For the full 10 years, taking into account both their rise and their fall, the returns reported by these aggressive funds were actually quite acceptable—an average of 7. But woe to the shareholder who chose them. For while the fund returns were acceptable, the re- turns of their shareholders were, well, terrible. Their average return came to minus 0. For the record, the annual return of the index fund share- holder, at 7.
When the annual returns of these aggressive funds are compounded over the full period, the deterioration is stunning: a cumulative fund return averaging more than percent; a cumulative shareholder return averaging negative 4. This astonishing penalty, then, makes clear the perils of fund selection and timing.
It also illus- trates the value of indexing and the necessity of setting a sound course and then sticking to it, come what may. Fund investors have been chasing past performance since time eternal, allow- ing their emotions—perhaps even their greed—to over- whelm their reason. But the fund industry itself has played on these emotions, bringing out new funds to meet the fads and fashions of the day, often supercharged and spec- ulative, and then aggressively advertising and marketing them.
It is fair to say that when ever-counterproductive in- vestor emotions are played on by ever-counterproductive fund industry promotions, little good is apt to result. The fund industry will not soon give up its promo- tions. But the intelligent investor will be well advised to heed not only the message in Chapter 4 about minimizing expenses, but the message in this chapter about getting emotions out of the equation. The beauty of the index fund, then, lies not only in its low expenses, but in its elimination of all those tempting fund choices that prom- ise so much and deliver so little.
Unlike the hot funds of the day, the index fund can be held through thick and thin for an investment lifetime, and emotions need never enter the equation. The winning formula for success in invest- ing is owning the entire stock market through an index fund, and then doing nothing.
Just stay the course. The predictability is so high. Why would you screw it up? As described in Chapter 4, the index fund has provided excellent protection from the penalty of these costs. While its real returns also were hurt by inflation, the cumulative impact was far less than on the actively managed equity funds. The fact is that most managed mutual funds are astonishingly tax-inefficient, a result of the short- term focus of their portfolio managers, usually frenetic traders of the stocks in the portfolios they supervise.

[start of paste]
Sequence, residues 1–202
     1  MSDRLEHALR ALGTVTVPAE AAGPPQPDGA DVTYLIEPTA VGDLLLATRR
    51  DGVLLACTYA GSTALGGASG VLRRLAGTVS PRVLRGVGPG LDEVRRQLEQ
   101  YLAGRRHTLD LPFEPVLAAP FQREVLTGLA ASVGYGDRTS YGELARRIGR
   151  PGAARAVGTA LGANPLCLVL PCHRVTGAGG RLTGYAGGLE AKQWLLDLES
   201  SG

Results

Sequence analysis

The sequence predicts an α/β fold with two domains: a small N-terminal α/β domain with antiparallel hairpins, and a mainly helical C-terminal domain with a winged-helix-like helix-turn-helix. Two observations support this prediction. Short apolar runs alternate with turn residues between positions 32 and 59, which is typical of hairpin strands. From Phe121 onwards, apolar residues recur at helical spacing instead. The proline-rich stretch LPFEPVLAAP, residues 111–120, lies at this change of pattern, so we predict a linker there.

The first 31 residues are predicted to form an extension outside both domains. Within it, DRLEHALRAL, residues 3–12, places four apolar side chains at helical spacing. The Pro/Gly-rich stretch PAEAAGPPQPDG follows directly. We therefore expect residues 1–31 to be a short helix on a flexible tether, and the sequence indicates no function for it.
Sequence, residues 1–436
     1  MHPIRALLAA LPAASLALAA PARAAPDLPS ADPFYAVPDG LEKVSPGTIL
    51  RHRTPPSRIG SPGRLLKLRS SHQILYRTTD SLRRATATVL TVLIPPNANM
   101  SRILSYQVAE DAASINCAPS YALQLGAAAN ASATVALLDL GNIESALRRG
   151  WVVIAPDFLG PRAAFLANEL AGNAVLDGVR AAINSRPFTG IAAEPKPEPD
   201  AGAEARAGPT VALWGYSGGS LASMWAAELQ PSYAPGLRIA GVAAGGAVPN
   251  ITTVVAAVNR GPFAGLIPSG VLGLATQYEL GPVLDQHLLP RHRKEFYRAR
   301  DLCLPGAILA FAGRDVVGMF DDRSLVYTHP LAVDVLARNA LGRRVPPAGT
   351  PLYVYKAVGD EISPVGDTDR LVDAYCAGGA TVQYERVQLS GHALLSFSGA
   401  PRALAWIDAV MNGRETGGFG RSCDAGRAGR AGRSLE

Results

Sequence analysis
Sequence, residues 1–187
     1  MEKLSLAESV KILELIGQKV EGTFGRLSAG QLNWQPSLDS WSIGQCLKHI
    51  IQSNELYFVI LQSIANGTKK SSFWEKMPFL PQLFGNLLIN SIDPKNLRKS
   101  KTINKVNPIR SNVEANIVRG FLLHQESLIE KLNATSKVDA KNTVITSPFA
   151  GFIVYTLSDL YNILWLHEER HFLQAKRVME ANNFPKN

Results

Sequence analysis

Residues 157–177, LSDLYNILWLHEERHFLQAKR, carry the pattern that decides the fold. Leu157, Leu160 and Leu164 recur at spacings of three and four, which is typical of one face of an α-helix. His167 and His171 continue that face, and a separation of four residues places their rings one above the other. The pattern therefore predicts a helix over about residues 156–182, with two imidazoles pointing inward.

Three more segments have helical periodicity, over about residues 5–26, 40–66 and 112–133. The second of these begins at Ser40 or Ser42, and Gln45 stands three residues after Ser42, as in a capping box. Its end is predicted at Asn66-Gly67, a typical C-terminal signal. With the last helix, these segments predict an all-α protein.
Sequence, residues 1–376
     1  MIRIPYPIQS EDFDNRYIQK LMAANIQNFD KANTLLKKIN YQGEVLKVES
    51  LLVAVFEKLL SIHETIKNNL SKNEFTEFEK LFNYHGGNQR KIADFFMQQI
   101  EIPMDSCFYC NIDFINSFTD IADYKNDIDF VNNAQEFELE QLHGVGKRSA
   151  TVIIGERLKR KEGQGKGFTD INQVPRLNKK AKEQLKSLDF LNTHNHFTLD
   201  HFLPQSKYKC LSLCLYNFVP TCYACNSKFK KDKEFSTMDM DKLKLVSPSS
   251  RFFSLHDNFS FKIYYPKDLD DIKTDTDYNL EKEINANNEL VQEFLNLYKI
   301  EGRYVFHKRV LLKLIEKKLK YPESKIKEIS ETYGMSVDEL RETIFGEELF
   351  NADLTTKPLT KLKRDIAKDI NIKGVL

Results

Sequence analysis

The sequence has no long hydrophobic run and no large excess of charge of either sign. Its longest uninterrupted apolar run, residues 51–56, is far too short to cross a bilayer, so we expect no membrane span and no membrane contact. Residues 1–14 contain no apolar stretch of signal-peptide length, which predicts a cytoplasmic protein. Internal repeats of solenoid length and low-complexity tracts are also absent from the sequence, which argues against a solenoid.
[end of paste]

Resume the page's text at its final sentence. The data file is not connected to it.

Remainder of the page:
The turnover of the average equity fund now comes to about percent per year. In fairness, based on total assets rather than number of funds, the turnover rate of actively managed funds is 61 percent. Industrywide, the average stock is held by the average fund for an average of just 12 months.
Based on equity fund total assets, only 20 months. Hard as it is to imagine, from to , the turnover rate averaged just 16 percent per year, an av- erage holding period of six years for the average stock in a fund portfolio. This huge increase in turnover and its attendant transaction costs have ill-served fund investors. The other half are held in tax- deferred accounts such as individual retirement accounts IRAs and corporate savings, thrift, and profit-sharing plans.
If your fund holdings are solely in the latter category, you need not be concerned with the discussion in this chapter. But the index fund follows pre- cisely the opposite policy—buying and holding forever, and incurring transaction costs that are somewhere be- tween infinitesimal and zero. With the high portfolio turnover of actively managed funds, their taxable investors were subject to an estimated effective annual federal tax of 1. Despite the higher returns that they earned, in- vestors in the index fund were actually subjected to lower taxes—in fact, at 0.